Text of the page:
Besides the change in band members, Run Forrest Run has also seen a change in their audience — specifically who makes up their audience and what music they want performed.
When Nascimento first joined the band she noticed how the audience was mainly white males in their late 20s and early 30s. Now she sees more diversity with the audience that is represented.
“I am very proud of this because I wanted to make this focus on this band on inclusivity. We started doing more genres, and putting more female music, R&B, and Latin-inspired genres so our audience is appreciative of this,” Nascimento said. “It is nice for young girls to see somebody [like me] in a band like this.”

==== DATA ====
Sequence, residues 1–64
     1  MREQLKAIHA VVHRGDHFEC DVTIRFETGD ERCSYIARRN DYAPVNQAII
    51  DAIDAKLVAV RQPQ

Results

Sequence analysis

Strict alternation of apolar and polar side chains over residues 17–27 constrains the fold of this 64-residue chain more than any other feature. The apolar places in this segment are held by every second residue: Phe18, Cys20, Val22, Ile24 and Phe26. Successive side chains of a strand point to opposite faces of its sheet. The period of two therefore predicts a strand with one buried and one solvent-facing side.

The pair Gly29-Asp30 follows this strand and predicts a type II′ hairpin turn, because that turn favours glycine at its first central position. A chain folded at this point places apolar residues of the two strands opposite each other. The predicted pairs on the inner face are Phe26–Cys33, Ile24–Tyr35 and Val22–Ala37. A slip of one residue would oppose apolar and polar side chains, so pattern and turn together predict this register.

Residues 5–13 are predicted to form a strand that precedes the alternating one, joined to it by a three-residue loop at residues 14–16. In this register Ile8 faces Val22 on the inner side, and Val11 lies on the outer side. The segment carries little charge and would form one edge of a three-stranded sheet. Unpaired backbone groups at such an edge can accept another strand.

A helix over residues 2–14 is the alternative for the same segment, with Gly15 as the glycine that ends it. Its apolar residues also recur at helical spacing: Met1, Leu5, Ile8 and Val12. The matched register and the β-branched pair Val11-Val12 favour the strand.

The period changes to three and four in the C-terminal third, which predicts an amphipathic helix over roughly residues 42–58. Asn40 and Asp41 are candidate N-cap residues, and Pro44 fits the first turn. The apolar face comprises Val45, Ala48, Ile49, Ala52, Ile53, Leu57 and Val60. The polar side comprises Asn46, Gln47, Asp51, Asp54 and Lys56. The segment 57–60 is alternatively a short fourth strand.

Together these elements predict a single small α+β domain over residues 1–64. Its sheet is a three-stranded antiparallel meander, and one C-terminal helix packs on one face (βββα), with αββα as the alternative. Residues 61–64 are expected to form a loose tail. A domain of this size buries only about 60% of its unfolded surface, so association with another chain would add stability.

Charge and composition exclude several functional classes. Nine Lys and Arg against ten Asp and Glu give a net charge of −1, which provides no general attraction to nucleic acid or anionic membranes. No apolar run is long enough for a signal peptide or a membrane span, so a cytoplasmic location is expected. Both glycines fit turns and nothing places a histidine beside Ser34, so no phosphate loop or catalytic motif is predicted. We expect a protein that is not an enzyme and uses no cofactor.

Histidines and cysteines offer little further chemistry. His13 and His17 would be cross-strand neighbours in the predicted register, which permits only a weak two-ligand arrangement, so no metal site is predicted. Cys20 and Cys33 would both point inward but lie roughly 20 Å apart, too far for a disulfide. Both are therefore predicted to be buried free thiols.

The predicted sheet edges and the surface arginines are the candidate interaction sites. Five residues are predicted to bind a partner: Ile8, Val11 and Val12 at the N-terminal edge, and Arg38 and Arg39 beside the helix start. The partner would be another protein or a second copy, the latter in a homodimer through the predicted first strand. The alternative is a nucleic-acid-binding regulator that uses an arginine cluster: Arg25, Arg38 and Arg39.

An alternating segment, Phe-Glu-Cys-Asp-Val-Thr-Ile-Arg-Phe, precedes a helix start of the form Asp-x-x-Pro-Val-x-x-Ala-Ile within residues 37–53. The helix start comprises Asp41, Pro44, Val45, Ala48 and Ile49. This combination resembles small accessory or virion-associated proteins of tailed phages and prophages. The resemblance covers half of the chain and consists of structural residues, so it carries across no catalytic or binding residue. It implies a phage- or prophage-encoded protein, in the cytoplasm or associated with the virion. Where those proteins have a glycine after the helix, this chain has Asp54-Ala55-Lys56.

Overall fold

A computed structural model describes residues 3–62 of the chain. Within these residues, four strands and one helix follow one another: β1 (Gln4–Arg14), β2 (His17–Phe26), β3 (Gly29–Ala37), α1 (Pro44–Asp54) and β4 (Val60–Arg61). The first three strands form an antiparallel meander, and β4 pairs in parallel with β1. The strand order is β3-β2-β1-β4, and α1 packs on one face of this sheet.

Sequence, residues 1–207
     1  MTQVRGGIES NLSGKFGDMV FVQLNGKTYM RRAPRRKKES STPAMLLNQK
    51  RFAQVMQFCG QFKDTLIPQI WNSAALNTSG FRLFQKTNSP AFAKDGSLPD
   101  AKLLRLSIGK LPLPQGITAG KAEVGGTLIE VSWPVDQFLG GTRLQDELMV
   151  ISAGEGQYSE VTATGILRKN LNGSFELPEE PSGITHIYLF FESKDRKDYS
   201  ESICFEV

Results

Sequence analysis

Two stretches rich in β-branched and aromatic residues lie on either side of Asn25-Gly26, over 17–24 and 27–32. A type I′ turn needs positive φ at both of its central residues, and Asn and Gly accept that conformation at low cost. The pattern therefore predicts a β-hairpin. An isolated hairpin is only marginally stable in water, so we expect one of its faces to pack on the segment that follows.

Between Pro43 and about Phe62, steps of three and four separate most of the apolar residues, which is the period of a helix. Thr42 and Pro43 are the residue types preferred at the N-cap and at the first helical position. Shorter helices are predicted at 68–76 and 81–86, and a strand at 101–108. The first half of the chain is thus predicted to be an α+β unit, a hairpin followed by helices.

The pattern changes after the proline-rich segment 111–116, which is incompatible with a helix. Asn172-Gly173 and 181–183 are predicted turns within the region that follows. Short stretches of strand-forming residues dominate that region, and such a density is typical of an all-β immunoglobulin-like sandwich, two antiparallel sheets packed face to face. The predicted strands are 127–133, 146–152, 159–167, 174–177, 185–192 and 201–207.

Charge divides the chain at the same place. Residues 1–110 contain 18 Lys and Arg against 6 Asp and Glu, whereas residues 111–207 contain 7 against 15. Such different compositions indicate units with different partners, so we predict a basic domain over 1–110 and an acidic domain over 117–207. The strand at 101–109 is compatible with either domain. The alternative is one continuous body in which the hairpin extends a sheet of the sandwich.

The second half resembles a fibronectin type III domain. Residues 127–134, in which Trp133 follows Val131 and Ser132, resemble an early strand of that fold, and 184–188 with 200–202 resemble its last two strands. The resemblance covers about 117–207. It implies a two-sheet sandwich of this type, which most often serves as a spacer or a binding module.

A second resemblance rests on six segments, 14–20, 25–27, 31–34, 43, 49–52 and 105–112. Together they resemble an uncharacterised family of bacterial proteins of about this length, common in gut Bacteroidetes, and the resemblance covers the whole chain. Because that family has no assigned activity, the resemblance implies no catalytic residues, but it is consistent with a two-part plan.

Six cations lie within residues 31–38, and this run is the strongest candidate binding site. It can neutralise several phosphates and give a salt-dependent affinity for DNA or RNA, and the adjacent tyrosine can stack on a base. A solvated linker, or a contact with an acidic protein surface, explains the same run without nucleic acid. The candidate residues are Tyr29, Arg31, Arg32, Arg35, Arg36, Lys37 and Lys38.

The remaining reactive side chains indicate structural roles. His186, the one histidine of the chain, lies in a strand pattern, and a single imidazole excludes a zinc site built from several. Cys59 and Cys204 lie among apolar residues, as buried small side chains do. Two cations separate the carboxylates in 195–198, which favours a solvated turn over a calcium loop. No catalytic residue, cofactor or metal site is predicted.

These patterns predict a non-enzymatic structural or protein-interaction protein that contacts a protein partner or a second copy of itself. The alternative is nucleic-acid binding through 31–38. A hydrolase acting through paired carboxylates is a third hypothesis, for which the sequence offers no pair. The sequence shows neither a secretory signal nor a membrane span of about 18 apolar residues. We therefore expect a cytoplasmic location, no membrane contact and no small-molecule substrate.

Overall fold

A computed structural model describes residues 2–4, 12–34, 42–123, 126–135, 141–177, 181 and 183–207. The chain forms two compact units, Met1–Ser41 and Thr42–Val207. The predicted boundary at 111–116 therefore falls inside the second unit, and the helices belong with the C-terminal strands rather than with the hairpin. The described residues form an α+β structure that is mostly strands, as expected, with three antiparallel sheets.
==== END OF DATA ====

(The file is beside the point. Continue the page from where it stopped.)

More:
Some songs in the band’s eclectic 90s setlist include”Smooth” by Carlos Santana, “Jump Around” by House of Pain and “Jump” by Kriss Kross.
The band started out as a circle of friends stemming from social media, Craigslist band ads and mutual friends.
“It is funny because a lot of people in this band have shared bills in different bands. We have been in different bands. Yet, now we are all on this band,” Rodriguez said.
One challenge Rodriguez mentioned is trying to stay in good musical form and to produce consistency.
“It is a challenge, but it is a rewarding challenge that when you do it, you do it right and it just keeps on giving. So you make that your next challenge,” Rodriguez said.
In terms of the venues, Run Forrest Run has performed in various settings, such as weddings, bars and festivals.